During a recent visit my family and I had the good fortune to have Flipz (his nickname -- he is the agile one -- his brother not so is nicknamed Slipz) as our server, he was exceptional in every aspect of his service, guiding us through the menu. This was important as my family decided to be adventurous and try some new dishes.
Soup is included with your entree and I opted for the Hot & Sour which was exceptional. For my entree I went with the Spicy 3-Way which features the General’s Chicken, a dish that is listed on the menu as the “staff’s favorite” (the menu is loaded with recommendations including the UPS driver’s favorite). General’s Chicken is found on most Asian restaurant menus though common belief is it was developed in New York in the ‘70s. The sauce is the secret to the success of this dish along with the lightly breaded chicken.
The presentation of everything at The Fusion is nice from simply arriving and seeing the tabletop to the dishes they use. The Spicy 3-Way was no exception, the plate presentation was simplistic but impressive. As were the Nong Tong Wings prepared with the spicy Bangkok glaze. The third dish was the Chicken Red Curry, a traditional style curry and the best I have ever tasted. I was told that Uncle Va (co-owner) has a secret technique.
Whatever their techniques are, The Fusion has got them right. Check out their menu at www.myntfusion.com and be sure to visit their other restaurant, Talia Bistro Bar, right down the street. --Rick Coates

The Fusion
Sake 3-Way

A challenge for first time sake drinkers is understanding the characteristics of this ancient Japanese beverage. While the appearance suggest sa wine is in store for the palate, the process of making sake closely resembles beer. But this is where the similarities end as sake has its own flavor profiles and is often unfairly compared to other beverages and even wrongly described as a watered down vodka.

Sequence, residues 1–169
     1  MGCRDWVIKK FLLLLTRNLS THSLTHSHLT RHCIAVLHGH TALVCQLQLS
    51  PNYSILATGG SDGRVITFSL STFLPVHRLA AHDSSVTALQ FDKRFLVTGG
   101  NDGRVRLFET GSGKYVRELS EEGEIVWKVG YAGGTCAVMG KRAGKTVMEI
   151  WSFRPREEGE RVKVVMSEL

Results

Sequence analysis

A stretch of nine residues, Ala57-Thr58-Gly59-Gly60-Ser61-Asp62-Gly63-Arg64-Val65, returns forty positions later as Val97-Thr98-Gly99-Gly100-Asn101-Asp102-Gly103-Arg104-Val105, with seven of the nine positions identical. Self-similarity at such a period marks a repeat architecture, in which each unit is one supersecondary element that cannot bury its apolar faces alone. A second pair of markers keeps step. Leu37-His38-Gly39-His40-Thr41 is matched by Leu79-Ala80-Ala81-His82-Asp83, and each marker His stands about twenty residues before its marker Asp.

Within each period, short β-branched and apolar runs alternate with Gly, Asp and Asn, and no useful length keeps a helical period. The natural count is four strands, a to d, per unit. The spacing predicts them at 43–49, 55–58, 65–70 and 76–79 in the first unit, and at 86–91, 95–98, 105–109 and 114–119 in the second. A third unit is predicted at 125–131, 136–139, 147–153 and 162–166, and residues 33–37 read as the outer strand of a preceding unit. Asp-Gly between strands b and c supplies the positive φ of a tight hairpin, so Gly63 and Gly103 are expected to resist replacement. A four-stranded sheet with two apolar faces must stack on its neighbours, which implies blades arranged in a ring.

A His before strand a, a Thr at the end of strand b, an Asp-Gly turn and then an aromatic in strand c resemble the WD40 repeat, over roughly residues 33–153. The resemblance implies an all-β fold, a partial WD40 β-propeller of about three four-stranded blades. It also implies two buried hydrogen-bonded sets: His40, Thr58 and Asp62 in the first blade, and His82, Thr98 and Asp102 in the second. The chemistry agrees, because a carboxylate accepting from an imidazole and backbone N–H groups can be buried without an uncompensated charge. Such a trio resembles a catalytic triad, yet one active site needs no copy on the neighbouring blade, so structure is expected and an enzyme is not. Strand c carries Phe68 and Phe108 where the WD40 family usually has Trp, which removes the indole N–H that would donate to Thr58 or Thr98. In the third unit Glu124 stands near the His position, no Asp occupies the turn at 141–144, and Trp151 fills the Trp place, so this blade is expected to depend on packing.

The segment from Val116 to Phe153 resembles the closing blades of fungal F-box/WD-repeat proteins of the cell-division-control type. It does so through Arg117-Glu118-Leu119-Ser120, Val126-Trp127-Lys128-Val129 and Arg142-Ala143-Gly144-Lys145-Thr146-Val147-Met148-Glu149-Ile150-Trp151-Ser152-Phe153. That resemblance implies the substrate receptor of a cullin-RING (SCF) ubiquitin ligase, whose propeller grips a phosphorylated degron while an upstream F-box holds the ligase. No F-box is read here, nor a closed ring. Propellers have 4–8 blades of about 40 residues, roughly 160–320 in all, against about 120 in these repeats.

Sake was developed in Japan during the third century. While beer typically is in the 4% to 6% alcohol range and wine in the 12% to14% range, sake is stronger at 17% to 20% alcohol. The key ingredients are rice and water and sake typically takes about a month to ferment and is aged for about six months. A special type of rice is used, and since sake has about 80% water content, the quality of water is essential. It is best enjoyed soon after the brewing process; after a year in the bottle the flavor profiles start to deteriorate, so don’t age.
A great way to try sake for the first time is at Fusion in Frankfort with their Sake 3-Way sampler. Served in mini wine glasses on a nice display rack, this sampler works for both the novice and connoisseur of sake. The top glass features Momokawa Silver Sake, a dry “ginjo” (premium) sake that has hints of green apple and pear and is crisp on the palate. The middle glass is a semi-dry sake from Gekkeikan, the largest of Japan’s over 100 producers. The bottom glass features a raspberry sake that is slightly sweet.
There are no hard and fast rules for pairing sake with food. The challenge is sake is actually quite complex and its flavor profiles are more subtle compared to those in wine and beer, making food pairings not so obvious. Dry sakes work well with traditional Japanese cuisine, sushi along with lighter style fish and chicken dishes, fresh salads and less pungent style cheeses. The raspberry sake will pair up nicely with grilled salmon and of course any chocolate desserts.
Sake continues to grow in popularity in the U.S. and some microbreweries have taken on making it. Typically, it is served with a slight chill, though some styles are served warm. The preferred vessel is a ceramic cup but glass is acceptable and nosing the aromas as with wine is suggested as well. Certainly, letting the sake swirl around the palate will increase ones enjoyment. If you are looking at expanding your beverage horizons consider The Fusion in Frankfort as they have the largest sake list in Michigan. Kampai (Cheers)! --Rick Coates
  • Currently 3.5/5 Stars.